Another quality to consider is the camera's resolution. Just as in digital cameras and computer monitors, resolution refers to the quality or the sharpness of the picture you'll receive. You can determine the resolution by the cameras TVL datum. TVL stands for TV Lines, and the higher the value, the better the quality. The average security camera has about 430 TVL. Make sure that the monitor you're using has a compatible resolution. Be sure to consult a professional before making this decision.

We advise to carefully check your security needs before buying a CCTV system. Think of places around the house or yard that you can't control by sight. Remember that the camera's function is to replace your presence in sensitive areas. It is also a good idea to use plans or blueprints of your house; you can mark locations and measure distances more accurately this way. You should also take into account your own interactions with the camera. Will it be attached to a computer? Will you monitor the house 24/7? Or will you simply record using a time lapse VCR and then view the tapes after something happens.

Determine exactly what your viewing needs are, and which functions you expect the camera to serve. If you're interested in intimidating burglars, you might consider buying very large and conspicuous cameras. You could also mix-in a number of dummy cameras as part of your security arrangement. Another idea is to put a security yard sign informing that the house is monitored around the clock. If you are concerned that large intimidating cameras might make people uncomfortable, consider using smaller cameras or hidden ones.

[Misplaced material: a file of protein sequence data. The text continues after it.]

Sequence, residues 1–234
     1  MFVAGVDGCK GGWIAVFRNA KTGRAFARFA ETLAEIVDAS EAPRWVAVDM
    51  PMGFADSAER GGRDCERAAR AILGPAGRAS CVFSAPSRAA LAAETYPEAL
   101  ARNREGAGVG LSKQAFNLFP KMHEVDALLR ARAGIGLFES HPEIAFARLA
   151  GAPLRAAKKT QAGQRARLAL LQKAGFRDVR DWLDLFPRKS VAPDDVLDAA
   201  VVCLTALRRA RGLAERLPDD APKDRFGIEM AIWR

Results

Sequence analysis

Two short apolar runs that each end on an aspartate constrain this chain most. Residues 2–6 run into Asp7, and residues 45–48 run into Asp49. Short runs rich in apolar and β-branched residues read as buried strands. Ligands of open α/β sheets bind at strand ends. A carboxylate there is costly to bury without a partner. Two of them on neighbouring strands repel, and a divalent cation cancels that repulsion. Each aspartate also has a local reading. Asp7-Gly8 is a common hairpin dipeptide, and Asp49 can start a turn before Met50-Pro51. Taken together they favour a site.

Another issue to consider is what recording device to use with the camera. The market offers two basic types of recording devices based on VCR or DVR technologies. Video might have killed the radio star but there is no doubt today that DVRs are responsible for the mass extinction of VCRs. We strongly suggest having a DVR recorder in your CCTV system. A DVR enables you to choose the exact time of recording you want to see without having to rewind hours of tape. It allows you to save special events you have recorded and edit them easily. Hard drives are smaller and more convenient to maintain than VCRs. Video tapes tend to deteriorate quickly, recording quality declines rapidly and you'll constantly be spending money on new cassettes. Controlling the DVR is simple and it offers you a variety of recording speeds. Monitoring software could always be updated and you can always add more memory space. Theoretically DVRs can record for weeks on end, depending of course on memory, recording quality and speed.